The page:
Of course I was sad that he was no longer in my life, but I had a strong sense of his presence and knew that his being was still around somewhere even though we would never again see the person he was in this lifetime.
I knew that, through the way our family, friends and I had loved and cared for him, with dignity for the man he was and respect for his continuing journey, we had enabled him to move on gracefully towards whatever awaited him on ‘the other side’.
The response from friends was amazing. He was clearly loved by everyone he met. His children and grandchildren were devastated when he died, but instead of mourning, they decided to celebrate his life. They collated a video containing photographs of the happy times they all had as a family and posted that on Social Media as a way of announcing the news of his death.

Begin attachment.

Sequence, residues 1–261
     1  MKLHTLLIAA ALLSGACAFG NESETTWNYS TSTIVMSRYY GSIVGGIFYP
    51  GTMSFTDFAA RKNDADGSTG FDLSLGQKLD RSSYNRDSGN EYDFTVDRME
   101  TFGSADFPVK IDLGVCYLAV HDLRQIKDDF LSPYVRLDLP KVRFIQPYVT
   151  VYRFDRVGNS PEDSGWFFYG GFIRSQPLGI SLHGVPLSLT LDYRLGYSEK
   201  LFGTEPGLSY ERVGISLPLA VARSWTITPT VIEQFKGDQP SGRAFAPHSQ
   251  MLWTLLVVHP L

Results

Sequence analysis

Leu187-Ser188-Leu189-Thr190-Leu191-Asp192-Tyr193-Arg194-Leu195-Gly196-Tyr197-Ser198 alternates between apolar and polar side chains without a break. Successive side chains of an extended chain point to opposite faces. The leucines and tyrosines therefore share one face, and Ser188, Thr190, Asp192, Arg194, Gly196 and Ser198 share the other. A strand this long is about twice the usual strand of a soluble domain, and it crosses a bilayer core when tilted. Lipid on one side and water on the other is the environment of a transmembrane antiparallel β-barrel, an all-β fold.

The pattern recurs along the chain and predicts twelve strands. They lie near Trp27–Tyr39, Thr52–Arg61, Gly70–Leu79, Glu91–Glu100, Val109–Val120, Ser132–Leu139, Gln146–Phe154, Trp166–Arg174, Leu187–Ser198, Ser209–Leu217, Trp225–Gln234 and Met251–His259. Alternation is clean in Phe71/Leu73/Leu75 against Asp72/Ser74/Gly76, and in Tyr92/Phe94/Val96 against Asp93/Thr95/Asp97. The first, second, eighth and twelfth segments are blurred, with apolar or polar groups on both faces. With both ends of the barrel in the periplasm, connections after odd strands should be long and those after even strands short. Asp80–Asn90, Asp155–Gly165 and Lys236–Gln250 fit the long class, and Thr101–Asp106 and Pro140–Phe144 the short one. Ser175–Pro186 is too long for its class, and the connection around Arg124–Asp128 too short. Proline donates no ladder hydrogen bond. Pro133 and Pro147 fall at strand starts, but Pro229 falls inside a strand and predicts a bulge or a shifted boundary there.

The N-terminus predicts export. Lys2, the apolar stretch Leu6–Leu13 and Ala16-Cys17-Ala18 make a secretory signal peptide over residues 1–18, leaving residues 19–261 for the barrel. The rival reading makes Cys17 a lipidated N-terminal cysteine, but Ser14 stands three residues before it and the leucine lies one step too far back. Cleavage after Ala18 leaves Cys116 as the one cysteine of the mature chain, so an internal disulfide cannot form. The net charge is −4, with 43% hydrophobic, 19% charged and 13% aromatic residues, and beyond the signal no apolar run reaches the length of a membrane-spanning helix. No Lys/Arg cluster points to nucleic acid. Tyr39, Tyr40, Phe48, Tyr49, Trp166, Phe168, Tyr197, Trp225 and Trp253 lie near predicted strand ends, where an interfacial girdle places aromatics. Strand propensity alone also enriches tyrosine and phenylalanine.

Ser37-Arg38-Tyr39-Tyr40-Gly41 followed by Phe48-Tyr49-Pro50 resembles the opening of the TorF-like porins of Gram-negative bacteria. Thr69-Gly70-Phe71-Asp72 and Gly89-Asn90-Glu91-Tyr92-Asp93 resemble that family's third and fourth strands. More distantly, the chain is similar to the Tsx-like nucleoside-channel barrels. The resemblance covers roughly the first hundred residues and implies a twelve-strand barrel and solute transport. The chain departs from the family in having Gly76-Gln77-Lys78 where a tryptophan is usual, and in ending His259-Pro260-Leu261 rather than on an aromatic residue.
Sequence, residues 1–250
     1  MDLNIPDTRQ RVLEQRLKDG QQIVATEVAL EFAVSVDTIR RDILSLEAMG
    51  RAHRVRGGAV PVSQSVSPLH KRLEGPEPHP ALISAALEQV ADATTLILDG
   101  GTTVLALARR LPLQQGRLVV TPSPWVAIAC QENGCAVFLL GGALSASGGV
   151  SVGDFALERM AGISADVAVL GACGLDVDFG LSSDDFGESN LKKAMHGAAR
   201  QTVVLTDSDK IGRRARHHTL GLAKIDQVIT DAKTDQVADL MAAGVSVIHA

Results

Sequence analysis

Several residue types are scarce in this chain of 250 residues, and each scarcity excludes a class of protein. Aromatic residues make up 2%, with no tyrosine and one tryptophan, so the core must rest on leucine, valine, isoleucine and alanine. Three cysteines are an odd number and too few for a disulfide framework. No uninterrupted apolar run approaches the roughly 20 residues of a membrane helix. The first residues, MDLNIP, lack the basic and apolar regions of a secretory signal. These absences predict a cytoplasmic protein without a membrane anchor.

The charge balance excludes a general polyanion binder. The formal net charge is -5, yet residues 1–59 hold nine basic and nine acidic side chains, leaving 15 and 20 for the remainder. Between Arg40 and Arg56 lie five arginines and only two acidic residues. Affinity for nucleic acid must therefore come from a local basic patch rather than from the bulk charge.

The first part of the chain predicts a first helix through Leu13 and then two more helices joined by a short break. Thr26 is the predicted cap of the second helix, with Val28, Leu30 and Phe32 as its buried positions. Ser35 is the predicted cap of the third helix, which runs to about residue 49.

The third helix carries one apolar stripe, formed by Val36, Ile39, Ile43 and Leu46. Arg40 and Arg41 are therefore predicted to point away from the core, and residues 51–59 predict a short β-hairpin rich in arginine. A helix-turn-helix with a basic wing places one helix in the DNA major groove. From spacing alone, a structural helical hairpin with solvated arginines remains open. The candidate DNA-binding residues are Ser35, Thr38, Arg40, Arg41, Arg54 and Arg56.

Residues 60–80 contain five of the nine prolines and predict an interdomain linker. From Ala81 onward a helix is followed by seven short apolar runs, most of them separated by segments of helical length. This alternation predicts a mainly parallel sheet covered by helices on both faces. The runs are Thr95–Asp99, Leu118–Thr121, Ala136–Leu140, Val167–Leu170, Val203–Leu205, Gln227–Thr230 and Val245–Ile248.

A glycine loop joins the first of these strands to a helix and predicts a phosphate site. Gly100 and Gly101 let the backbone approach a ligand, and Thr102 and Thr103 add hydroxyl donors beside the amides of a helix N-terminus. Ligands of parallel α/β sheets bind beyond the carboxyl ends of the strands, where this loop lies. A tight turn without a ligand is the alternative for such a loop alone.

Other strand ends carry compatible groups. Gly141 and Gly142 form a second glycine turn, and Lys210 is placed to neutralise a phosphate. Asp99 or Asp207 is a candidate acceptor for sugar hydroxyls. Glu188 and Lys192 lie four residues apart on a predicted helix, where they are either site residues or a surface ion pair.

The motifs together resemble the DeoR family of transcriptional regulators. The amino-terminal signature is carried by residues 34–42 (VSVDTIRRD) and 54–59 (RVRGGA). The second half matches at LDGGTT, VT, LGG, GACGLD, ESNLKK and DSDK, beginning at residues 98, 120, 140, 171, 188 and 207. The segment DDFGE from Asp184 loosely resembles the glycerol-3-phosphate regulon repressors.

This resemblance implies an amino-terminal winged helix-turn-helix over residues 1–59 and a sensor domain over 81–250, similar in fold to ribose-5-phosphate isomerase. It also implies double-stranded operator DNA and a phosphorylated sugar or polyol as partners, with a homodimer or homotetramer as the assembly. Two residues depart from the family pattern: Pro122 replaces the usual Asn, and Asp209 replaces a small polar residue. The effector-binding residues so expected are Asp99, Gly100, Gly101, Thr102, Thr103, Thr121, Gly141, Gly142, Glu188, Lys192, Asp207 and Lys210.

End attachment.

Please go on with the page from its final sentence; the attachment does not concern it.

That inspired many others to recall their memories so that, instead of offering the family condolences, they celebrated with them.
There is no need to be ‘heartbroken’. Our hearts can remain full of the love we all shared, and our thoughts can focus on the memories of good times.
Yes it is important to grieve, to allow the feelings of sadness to come up so we can let them go, but death can also be a celebration of a life well lived and now complete.
Carmel R., Australia
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